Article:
Life on a ball – so different, so good – take a look tonight!

Well, wherever you are on this wonderful ball, if you have clear skies when the sun drops below the western horizon, you’ll get a great show tonight! Actually, even if your skies aren’t clear tonight, take a look any time this week and you’ll get a good show. I plan to be out tonight with camera, binoculars, a small modern telescope, and a 200-year-old spyglass, just to see what I can see. But no optical aid is needed – this show’s for everyone and free!

This is the view from Downunder as depicted in the Sydney paper - it will look different here.

This is the view from Downunder as depicted in the Sydney paper - it will look different here.

I’m talking about the arrangement of the crescent moon and the planets Venus and Jupiter. You don’t need any optical aid for this show, but you do need a clear horizon and exactly what you see and when you see it depends on where you stand on this ball we call the Earth. Dom, my friend in Sydney, Australia, will see an astronomical smiley face, as his local newspaper told him. For us here in Westport, MA. the emoticon will be grimmer, but the show will still be spectacular! My comments from this point on all relate to what we see from Westport, MA, but will apply generally for most of the US. But again, exact times and view will differ – both because the sky is dynamic and because we live on the surface of – well, just inside the surface of, but that’s another story – a ball. I’ll explain in a moment.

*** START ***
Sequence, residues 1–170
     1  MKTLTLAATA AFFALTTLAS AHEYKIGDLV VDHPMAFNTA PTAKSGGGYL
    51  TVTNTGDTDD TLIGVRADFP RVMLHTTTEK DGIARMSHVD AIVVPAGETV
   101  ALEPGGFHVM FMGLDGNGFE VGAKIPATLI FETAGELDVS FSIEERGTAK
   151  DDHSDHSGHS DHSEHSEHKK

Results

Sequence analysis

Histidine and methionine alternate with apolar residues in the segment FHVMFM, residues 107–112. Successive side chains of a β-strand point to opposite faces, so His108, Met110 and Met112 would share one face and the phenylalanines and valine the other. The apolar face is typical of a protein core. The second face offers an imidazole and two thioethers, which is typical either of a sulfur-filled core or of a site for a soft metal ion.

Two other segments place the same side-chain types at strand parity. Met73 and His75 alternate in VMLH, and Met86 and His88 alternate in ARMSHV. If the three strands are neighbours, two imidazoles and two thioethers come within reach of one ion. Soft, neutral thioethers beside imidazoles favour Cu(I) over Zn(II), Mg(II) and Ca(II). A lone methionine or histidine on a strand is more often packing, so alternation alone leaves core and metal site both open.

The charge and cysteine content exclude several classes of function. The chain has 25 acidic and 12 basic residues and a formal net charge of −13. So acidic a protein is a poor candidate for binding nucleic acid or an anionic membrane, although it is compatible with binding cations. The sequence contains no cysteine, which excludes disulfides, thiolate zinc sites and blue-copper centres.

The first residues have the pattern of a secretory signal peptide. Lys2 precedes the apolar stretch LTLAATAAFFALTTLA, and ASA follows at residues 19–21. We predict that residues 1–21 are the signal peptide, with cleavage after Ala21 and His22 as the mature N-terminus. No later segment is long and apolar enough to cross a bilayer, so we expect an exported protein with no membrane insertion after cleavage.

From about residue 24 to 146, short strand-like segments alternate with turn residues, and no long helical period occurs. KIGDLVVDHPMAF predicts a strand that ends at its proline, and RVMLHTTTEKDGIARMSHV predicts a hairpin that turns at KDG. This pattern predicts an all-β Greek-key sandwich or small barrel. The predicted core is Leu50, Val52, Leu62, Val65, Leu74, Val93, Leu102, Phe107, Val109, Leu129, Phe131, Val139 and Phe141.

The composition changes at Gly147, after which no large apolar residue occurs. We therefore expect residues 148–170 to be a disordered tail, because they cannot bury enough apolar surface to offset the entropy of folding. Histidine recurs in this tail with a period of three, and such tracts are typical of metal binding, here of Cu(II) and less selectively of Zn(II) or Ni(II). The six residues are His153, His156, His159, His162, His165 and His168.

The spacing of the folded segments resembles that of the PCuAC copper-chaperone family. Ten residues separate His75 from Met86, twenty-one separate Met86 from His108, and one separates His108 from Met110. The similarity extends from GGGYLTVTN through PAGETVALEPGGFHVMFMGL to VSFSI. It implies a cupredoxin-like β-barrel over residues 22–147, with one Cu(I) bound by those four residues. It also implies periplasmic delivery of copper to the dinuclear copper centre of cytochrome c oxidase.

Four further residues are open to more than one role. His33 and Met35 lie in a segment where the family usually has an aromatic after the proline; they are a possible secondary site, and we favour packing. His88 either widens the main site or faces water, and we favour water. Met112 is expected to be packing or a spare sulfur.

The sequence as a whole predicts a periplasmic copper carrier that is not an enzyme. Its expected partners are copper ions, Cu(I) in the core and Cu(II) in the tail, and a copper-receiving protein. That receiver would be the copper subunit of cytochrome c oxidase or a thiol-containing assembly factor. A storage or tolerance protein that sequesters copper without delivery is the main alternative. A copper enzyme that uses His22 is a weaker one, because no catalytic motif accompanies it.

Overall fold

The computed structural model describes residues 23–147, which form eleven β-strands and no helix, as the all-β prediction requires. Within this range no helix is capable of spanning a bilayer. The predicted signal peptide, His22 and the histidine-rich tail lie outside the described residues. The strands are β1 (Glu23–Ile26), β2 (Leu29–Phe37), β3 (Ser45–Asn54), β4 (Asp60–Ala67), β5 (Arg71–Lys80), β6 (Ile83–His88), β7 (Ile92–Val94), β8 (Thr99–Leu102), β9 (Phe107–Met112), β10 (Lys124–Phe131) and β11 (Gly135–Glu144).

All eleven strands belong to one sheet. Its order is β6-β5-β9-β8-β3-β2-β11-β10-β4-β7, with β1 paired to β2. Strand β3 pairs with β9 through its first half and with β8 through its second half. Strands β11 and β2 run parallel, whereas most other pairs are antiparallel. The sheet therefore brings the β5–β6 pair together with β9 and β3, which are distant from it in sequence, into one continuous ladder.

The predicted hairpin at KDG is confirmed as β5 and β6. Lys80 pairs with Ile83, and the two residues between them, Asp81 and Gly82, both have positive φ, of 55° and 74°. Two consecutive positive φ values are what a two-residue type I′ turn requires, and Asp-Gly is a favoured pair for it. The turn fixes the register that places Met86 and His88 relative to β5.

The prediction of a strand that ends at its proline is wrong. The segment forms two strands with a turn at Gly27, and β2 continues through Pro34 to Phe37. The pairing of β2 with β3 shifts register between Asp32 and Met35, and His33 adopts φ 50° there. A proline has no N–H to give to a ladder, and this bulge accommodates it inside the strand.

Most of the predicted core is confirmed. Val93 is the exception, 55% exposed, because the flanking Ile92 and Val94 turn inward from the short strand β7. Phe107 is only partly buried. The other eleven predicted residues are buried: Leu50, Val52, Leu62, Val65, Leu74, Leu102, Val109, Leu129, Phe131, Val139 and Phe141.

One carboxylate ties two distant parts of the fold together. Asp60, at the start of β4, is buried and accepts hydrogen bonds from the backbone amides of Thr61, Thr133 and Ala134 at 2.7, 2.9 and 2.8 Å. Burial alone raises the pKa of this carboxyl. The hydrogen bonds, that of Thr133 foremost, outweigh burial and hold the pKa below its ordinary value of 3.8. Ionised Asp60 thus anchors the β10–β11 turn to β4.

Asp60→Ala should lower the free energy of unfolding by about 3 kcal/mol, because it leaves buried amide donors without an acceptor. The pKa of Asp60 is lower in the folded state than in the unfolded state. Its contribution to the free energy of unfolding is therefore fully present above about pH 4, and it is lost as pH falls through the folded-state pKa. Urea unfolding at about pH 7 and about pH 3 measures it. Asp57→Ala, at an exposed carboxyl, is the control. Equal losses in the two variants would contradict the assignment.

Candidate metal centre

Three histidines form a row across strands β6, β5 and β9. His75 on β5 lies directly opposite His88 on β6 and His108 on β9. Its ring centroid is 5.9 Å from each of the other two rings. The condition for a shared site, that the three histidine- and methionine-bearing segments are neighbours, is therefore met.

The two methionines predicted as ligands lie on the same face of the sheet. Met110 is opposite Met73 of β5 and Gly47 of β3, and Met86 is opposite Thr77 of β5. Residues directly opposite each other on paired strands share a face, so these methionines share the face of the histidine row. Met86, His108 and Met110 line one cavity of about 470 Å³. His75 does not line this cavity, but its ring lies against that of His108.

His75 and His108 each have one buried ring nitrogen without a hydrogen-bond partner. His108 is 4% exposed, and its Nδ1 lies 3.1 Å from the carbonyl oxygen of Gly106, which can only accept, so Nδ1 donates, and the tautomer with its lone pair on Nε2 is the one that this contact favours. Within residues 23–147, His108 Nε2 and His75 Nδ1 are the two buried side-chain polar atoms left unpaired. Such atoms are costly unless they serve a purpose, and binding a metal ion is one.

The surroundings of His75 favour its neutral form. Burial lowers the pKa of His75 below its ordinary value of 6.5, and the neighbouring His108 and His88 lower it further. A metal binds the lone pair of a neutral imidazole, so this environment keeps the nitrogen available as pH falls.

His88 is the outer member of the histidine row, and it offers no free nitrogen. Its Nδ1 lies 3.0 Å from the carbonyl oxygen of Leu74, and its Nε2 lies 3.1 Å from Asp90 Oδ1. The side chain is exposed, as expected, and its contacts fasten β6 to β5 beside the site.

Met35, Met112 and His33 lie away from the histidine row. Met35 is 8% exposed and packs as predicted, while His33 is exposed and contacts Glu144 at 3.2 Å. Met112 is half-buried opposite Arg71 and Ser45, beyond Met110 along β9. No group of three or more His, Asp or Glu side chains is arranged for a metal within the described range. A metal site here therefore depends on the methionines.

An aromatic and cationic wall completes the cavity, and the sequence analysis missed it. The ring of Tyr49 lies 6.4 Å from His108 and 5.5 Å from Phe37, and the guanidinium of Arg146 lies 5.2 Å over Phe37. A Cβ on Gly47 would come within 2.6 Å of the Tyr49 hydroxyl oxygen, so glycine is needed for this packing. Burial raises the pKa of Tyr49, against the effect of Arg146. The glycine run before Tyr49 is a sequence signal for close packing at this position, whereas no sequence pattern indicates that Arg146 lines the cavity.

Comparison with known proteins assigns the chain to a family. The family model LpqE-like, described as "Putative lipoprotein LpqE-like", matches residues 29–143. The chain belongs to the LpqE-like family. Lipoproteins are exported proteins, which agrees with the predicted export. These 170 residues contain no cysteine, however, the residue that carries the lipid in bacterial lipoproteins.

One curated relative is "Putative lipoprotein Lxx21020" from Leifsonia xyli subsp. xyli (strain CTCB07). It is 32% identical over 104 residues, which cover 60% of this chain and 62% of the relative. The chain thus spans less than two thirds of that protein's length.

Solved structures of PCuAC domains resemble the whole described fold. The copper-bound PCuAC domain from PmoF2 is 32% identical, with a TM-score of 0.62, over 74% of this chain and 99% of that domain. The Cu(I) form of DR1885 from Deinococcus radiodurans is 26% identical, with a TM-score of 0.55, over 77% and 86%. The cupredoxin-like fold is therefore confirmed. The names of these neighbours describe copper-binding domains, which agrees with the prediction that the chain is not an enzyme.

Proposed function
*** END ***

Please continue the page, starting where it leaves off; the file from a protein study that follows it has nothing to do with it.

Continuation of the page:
Dark blue is good and the Clear Sky Clock prediction for Westport tonight looks like we'll get a cloud-free window. I'm keeping my fingers crossed!

Dark blue is good and the Clear Sky Clock prediction for Westport tonight looks like we'll get a cloud-free window. I'm keeping my fingers crossed!

The point is, start looking for this show near your western horizon about 20 minutes after local sunset. The darker it gets, the brighter things get – but the actors also move lower in the sky – by a couple hours after sunset it will be pretty much over. The most dramatic views are at dusk and that’s the best time to take pictures. (If you get any and want to share, please email them to me – I’d love to use them here. gstone@umassd.edu)

All three charts that follow are made from Starry Nights software screen shots.

Here’s what can be seen from various locations.mvj_12108_westport

The view from Westport is to the southwest – azimuth 208° – and at 4:45 pm the grouping will be about 18 degree’s above the horizon – roughly two fists held at arm’s length. In Sydney, Australia – see below – the show will be higher and thus last longer. It will also be closer to due west – 261° and about 33 degrees above the horizon. Which means it will be in darker skies.
mvj_12108_sydney

The moon, a bit more than three days old, will be the brightest, shining at about magnitude -10.6. Brilliant Venus, in a gibbous phase, will be shining at -4.1, and much more distant – but far larger – Jupiter will be shining at -2. For comparison, the brightest star in that general region of the sky will be Vega, at magnitude 0. (Vega will be a bit north of west (281°) and about 54 degrees above the horizon – quite high. It will probably “come out” a bit after Jupiter.